Richard's brain was buried at the abbey of Charroux in Poitou, his heart was buried at Rouen in Normandy, and the rest of his body was buried at the feet of his father at Fontevraud Abbey.
He remains one of the few Kings of England remembered by his epithet, and is an enduring, iconic figure in England.
John, By the Grace of God, King of England, Lord of Ireland, Duke of Normandy and
Aquitaine and Count of Anjou
John (24 December 1167 – 19 October 1216) reigned as King of England from 6 April 1199, until his death.
He succeeded to the throne as the younger brother of Richard I. John acquired the nicknames of "Lackland" ( Sans Terre) for his lack of an inheritance as the youngest son and for his loss of territory to France, and as "Soft-sword" because of his military ineptitude.
King John is best known for sealing Magna Carta, a document that limited his power, popularly regarded as an early first step in the evolution of modern democracy.
John was such a bad king that the barons eventually felt obliged to invite the King of France to come and take the English throne. Retreating from the resulting French invasion, John took a safe route around the marshy area of the Wash to avoid the rebel-held area of East Anglia. His baggage train including the Crown Jewels took a direct route across the marshes and was lost to the incoming tide. This loss dealt John a blow, which affected his health and perhaps his state of mind.
Succumbing to dysentery he died on 18 October (or possibly 19 October) 1216, at Newark Castle. Numerous accounts circulated soon after his death asserted that he had been killed by poisoned ale, poisoned plums or a surfeit of peaches.
He was buried in Worcester Cathedral, though his heart was sent for burial at Fontevraud.
His nine-year-old son succeeded him and became King Henry III of England (1216–72),
Queen Isabelle, Isabelle of Angouleme
In 1189, John was married to Isabel of Gloucester, but eleven years later he marries another Isabelle.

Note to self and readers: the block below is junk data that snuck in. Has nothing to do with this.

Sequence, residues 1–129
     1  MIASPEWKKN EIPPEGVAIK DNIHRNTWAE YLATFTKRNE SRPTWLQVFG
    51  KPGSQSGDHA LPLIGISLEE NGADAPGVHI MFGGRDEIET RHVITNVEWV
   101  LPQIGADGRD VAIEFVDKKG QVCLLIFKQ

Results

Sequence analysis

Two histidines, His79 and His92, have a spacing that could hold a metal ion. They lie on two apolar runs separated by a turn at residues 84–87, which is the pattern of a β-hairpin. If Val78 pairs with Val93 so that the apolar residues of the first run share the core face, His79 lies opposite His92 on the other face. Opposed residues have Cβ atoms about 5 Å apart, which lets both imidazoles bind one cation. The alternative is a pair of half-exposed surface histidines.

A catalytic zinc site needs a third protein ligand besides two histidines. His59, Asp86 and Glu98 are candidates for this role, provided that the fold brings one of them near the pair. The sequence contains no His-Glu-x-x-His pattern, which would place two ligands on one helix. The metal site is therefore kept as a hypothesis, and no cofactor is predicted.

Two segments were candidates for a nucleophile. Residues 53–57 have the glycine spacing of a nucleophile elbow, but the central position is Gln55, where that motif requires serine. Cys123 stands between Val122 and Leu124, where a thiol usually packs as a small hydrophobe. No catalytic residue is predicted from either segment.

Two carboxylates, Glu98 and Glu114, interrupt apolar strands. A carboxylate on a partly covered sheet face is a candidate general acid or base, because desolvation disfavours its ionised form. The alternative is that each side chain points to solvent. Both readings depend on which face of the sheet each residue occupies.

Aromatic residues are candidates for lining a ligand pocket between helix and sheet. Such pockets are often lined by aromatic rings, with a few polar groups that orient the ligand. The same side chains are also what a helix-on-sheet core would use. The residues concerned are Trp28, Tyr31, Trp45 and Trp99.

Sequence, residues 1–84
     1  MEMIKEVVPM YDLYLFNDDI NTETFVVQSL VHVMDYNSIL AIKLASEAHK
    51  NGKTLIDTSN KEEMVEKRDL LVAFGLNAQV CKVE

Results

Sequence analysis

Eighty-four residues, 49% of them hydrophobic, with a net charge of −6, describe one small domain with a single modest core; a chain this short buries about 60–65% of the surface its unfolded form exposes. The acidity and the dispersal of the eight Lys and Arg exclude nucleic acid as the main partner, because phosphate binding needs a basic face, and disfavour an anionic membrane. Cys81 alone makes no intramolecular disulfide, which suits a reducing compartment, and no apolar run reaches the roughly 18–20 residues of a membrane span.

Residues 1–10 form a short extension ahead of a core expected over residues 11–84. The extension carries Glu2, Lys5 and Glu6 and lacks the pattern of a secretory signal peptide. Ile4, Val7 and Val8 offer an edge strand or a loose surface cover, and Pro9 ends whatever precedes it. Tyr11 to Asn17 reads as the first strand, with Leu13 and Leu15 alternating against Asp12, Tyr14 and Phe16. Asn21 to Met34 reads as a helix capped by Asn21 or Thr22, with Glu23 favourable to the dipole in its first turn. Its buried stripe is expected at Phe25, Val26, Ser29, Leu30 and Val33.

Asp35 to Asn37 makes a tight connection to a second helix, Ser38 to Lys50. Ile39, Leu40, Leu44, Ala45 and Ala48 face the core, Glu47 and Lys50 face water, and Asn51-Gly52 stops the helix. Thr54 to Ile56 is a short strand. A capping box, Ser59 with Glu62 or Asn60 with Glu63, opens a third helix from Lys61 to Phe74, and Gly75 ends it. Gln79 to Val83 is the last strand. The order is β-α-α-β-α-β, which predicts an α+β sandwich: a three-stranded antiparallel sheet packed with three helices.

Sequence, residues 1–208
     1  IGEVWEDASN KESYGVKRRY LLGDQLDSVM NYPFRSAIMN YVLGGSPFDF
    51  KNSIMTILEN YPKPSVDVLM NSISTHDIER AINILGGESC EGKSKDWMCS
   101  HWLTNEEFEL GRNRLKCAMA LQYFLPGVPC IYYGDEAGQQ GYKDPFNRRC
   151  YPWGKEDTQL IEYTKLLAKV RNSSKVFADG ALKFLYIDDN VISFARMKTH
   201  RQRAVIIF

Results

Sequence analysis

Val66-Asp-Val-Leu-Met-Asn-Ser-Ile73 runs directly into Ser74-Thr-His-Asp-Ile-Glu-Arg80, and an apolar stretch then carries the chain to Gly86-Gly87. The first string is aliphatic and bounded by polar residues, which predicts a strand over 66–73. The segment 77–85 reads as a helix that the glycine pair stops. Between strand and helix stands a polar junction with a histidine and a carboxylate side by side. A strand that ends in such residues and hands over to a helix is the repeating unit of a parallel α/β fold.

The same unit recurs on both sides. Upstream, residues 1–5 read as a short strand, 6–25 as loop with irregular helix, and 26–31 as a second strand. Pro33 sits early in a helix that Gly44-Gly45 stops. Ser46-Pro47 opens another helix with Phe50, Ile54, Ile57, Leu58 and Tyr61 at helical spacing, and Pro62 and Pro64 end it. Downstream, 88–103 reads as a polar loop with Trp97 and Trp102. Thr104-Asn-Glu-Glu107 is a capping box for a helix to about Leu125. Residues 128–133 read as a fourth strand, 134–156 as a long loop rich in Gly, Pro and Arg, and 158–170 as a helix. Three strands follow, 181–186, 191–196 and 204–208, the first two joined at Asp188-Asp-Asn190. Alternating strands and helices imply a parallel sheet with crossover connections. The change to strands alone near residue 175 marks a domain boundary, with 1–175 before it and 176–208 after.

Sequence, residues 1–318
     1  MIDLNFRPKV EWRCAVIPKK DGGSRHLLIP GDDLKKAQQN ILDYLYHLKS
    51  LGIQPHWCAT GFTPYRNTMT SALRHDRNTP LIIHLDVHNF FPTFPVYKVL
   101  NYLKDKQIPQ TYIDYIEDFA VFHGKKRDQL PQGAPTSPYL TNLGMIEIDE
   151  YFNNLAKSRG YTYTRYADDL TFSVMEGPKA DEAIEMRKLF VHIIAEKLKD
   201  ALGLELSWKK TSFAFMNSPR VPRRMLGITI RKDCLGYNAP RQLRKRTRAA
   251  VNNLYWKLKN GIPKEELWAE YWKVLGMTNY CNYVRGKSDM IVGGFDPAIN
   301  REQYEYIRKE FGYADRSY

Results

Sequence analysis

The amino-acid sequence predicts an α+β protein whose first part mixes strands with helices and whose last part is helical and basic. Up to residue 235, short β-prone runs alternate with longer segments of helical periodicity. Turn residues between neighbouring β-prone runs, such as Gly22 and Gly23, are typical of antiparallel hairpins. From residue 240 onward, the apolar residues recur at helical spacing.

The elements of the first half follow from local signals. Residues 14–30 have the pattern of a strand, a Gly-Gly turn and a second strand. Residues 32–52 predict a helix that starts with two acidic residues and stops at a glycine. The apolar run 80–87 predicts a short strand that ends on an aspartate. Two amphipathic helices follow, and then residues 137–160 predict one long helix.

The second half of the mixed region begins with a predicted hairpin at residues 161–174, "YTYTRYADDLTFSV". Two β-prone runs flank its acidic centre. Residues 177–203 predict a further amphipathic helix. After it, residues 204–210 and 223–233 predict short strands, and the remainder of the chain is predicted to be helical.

On 24 August 1200 John married Isabella of Angoulême, who was twenty years his junior. She was the daughter of Aymer Taillefer, Count of Angouleme. Characteristically, John had kidnapped her from her fiancé, Hugh X of Lusignan.
Isabelle bore five children:
- King Henry III of England (1207-1272).
- Richard, 1st Earl of Cornwall (1209-1272).
- Joan (1210-1238), Queen Consort of Alexander II of Scotland.
- Isabella (1214-1241), Consort of Frederick II, the Holy Roman Emperor.
- Eleanor (1215-1275), who married William Marshal, 2nd Earl of Pembroke, and later Simon de Montfort, 6th Earl of Leicester.
This William Marshal was the son of William the Marshal, the best example of the knightly ideal in all Medieval Europe.
Simon V de Montfort, 6th Earl of Leicester (1208 – August 4, 1265) was the son of the Simon IV de Montfort who led the Crusade against the Cathars of the Languedoc, a war against Raymonds VI and VII of Toulouse. Simon V was the principal leader of the baronial opposition to his brother-in-law Henry III. After the rebellion of 1263-1264, de Montfort became de facto ruler of England and called the first directly-elected parliament in medieval Europe. Because of this, de Montfort is today regarded as one of the progenitors of modern parliamentary democracy.